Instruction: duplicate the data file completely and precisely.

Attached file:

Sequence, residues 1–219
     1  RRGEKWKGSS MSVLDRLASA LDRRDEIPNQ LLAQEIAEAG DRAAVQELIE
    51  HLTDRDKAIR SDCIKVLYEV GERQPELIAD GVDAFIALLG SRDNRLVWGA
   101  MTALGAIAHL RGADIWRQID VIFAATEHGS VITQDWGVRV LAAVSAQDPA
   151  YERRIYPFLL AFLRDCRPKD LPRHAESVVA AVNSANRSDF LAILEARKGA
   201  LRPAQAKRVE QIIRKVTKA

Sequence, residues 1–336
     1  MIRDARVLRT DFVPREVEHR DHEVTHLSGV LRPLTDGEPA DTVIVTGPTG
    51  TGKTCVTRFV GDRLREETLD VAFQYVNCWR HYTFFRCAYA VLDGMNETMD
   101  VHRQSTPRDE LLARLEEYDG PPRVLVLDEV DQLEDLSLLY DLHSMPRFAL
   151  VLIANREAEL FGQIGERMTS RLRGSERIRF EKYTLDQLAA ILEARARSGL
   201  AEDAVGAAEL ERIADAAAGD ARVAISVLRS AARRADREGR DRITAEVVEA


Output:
Sequence, residues 1–219
     1  RRGEKWKGSS MSVLDRLASA LDRRDEIPNQ LLAQEIAEAG DRAAVQELIE
    51  HLTDRDKAIR SDCIKVLYEV GERQPELIAD GVDAFIALLG SRDNRLVWGA
   101  MTALGAIAHL RGADIWRQID VIFAATEHGS VITQDWGVRV LAAVSAQDPA
   151  YERRIYPFLL AFLRDCRPKD LPRHAESVVA AVNSANRSDF LAILEARKGA
   201  LRPAQAKRVE QIIRKVTKA

Sequence, residues 1–336
     1  MIRDARVLRT DFVPREVEHR DHEVTHLSGV LRPLTDGEPA DTVIVTGPTG
    51  TGKTCVTRFV GDRLREETLD VAFQYVNCWR HYTFFRCAYA VLDGMNETMD
   101  VHRQSTPRDE LLARLEEYDG PPRVLVLDEV DQLEDLSLLY DLHSMPRFAL
   151  VLIANREAEL FGQIGERMTS RLRGSERIRF EKYTLDQLAA ILEARARSGL
   201  AEDAVGAAEL ERIADAAAGD ARVAISVLRS AARRADREGR DRITAEVVEA